There seems to be a question in the establishing of a new studio, as to the proper method or best method to use in advertising.

There are many forms of advertising that are effective and some few that are not, but for the average town or city supporting a daily newspaper with a good circulation, we rather lean towards newspaper advertising as being the most effective, providing the photographer can draw from the entire circulation of the paper for his business.

Of course it would not be reasonable to pay a high rate for space in a paper having a large circulation, if the greater part of the circulation was of a class the photographer would have no possible chance to draw on for business.

The display case is another of the most valuable kinds of advertising if properly taken care of; that is. if the pictures are changed often, the display made attractive and the case kept clean.

The photographer opening a new studio should always have enough of his own work to make his initial display, unless he is making his first business venture, in which case it is much better to make a few complimentary sittings for the purpose of securing samples, than to make a display of work which is not his own.

The display of one or two pictures of prominent or well known people is of much greater advertising value than a case full of beautiful pictures which are not the work of the photographer himself. Then there are many photographers who have an individual style that is not easily imitated, and it would not be reasonable to sell goods from one kind of samples and deliver something entirely different, even if it was just as good.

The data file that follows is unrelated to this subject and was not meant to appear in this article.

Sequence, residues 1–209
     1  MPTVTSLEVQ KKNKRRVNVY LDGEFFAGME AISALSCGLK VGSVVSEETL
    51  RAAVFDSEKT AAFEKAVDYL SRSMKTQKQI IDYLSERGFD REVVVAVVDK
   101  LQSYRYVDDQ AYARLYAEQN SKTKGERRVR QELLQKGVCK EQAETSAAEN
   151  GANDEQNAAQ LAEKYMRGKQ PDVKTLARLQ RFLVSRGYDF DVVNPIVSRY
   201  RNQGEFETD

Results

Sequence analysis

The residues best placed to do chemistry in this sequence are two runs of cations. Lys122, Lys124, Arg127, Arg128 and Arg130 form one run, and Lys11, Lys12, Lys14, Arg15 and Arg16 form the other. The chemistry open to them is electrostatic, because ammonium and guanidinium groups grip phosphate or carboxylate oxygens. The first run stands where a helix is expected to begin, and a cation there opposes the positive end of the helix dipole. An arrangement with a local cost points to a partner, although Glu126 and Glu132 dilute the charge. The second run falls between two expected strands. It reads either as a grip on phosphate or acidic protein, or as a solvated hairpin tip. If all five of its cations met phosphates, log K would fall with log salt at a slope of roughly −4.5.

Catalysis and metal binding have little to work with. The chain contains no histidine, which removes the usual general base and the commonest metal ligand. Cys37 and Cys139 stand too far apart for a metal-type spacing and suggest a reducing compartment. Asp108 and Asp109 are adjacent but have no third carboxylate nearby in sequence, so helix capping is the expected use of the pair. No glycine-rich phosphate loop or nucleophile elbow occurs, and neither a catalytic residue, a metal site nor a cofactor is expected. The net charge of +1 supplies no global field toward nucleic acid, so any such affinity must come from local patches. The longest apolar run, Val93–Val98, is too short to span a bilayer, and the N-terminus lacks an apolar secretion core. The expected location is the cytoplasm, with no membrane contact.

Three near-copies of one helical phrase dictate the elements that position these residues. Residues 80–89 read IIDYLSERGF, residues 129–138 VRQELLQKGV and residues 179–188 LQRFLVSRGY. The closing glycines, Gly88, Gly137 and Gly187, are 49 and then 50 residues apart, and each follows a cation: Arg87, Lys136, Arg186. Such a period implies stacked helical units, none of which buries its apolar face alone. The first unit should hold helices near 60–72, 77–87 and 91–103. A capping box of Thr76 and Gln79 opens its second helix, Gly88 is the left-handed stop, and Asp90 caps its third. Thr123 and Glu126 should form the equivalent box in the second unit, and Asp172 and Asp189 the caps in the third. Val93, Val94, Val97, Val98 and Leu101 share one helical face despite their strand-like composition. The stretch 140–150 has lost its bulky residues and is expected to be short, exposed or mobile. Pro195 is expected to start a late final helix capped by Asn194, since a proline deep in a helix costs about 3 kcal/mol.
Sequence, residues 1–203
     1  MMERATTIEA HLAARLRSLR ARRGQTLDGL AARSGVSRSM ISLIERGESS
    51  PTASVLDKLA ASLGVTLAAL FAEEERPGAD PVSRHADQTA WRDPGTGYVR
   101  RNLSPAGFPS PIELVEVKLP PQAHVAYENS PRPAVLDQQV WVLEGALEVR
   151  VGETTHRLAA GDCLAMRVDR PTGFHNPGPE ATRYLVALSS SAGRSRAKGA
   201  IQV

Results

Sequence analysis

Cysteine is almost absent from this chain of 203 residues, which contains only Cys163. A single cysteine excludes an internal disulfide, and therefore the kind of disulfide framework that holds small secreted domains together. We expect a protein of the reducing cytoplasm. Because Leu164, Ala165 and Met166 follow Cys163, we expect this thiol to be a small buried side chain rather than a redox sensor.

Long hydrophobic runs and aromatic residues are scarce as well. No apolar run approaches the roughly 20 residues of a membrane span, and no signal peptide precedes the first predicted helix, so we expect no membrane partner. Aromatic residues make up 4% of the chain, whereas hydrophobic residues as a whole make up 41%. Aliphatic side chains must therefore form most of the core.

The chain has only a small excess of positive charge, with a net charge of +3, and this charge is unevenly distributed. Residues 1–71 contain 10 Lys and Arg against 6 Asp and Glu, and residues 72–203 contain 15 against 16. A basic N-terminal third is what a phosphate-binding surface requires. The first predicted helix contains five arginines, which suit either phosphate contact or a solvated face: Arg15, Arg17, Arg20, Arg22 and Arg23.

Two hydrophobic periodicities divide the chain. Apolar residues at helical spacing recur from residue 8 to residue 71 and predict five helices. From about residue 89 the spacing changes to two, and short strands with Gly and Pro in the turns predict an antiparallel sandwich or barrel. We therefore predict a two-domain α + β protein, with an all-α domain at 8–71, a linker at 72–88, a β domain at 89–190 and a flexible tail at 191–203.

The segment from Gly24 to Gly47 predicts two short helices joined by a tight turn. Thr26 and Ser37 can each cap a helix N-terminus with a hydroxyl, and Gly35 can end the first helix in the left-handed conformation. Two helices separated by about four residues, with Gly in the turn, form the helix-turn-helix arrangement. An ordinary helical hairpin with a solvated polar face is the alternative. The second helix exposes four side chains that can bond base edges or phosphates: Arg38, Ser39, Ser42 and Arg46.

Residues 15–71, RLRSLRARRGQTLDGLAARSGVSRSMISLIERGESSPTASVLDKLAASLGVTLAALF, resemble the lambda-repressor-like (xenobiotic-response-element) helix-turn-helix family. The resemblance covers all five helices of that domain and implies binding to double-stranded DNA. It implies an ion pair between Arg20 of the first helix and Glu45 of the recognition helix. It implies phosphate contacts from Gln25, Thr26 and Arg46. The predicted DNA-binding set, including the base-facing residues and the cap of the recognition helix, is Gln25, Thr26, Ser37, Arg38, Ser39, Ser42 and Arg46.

Imitation may be the most sincere form of flattery, but you are not in business to flatter anyone, unless it be the customer. It is much better to create a style or individuality of your own, than to imitate that of another. The sample print is. to the customer, a proof of your ability, an example of the work you are capable of producing, and any other than your work shown as samples, is not good advertising.

We are often requested to furnish sample prints for use in display cases of the new studio, and while we would be glad to be of assistance, we are compelled to refuse these requests. When we purchase negatives from a photographer for use in making sample prints, it is with the understanding that all prints which are sent out for this purpose will be marked with the grade of paper on which they are made, or otherwise lettered, so it may be readily seen that they are for advertising purposes only. Many photographers who sell negatives to the manufacturer would object to the use of prints for other purposes than those specified, so it is necessary for us to comply with their wishes in the matter.

There are other methods of advertising the new studio beside the show case and newspapers, the best of which is probably the announcement.

By this we do not mean the hand bill, for this form of advertising is not only of very little effect, but has a tendency to cheapen one's business. The announcement should be in the form of a letter or small pamphlet and must be well written and well printed to attract the attention of those who receive it. Mail it by all means, and under a two-cent stamp. It is an easy matter to secure a list that will place your advertising in the homes of the people you wish to reach, and it is certainly worth the amount you spend for postage to have your advertising read.

This form of advertising, if high grade in every respect, brings you in closer touch with the prospective customer than anything but a call at your studio - your other advertising should keep your name constantly in the mind of the public and present new arguments for having pictures made.

If you advertise at all, be persistent about it, keep it up, make your plans cover six months or a year. The results may not come in a week or a month, but they will come.